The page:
Chinese state TV acknowledges Catholic numbers rising
“As a Catholic, I've learned how to love other people and how to help those in need, especially in a way that makes them comfortable in accepting your offer,” he said.
Baptised a year and a half ago, Huimin attends Nan Tang Cathedral (the South Cathedral of the Immaculate Conception),
Baptisms are frequent but the one featured on Sunday was special. It was the biggest ever baptism in the country. The CCTV report showed 165 people undergoing the ceremony.
Coming to church to worship is an important part of his life. He said he used to be a self-centered man, but learning to see things from others' perspective has changed him.
Huimin admits that he was frustrated when he first embraced the religion but with the help of Catholic family he was able to overcome it.
For Sister Theresa Ying Mulan, superior of St. Joseph Convent in Beijing Diocese, “for the first time it is possible to communicate one’s faith” without too many problems, partly because of “[e]xplicit support from the government and regulations written into the Constitution” that “protect religious practice. Today's baptisms explain everything.”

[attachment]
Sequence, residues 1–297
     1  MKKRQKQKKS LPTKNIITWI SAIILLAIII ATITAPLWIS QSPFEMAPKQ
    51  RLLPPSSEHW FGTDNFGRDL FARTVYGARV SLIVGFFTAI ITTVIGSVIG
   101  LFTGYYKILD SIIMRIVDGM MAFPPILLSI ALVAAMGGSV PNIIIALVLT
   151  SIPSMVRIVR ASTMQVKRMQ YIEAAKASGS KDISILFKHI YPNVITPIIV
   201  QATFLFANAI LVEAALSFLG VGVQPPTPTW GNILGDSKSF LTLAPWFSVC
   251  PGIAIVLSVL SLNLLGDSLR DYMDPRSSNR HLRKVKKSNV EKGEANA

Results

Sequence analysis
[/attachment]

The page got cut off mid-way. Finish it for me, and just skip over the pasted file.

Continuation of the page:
CCTV, which is controlled by the government’s Radio, TV and Cinema Administration, is not editorially independent. Its news department follows directives set by the Communist Party’s propaganda department, analysts say.
This makes it the more important that it acknowledged a Catholic renaissance in
According to CCTV, the country’s Catholic community numbers some five million members, but unofficially AsiaNews and the diocese of
Many are forced to meet in places of worship different from those of the official Church. In spite of formal constitutional protection official Churches are guaranteed a minimum level of freedom of religion, but underground worshipers still face violence and arrest.
Meanwhile the official Church is stepping up its Christmas-related activities. In St Peter’s Church in
The character of Paul Xu Guangqi, an official from the Ming Dynasty, was included in the story. Converted by Matteo Ricci, an Italian Jesuit priest, the two translated into Chinese European texts on mathematics, hydraulics and geography.
Paul Xu Guangqi is remembered as the first Chinese to translate European books into his native language. (PB)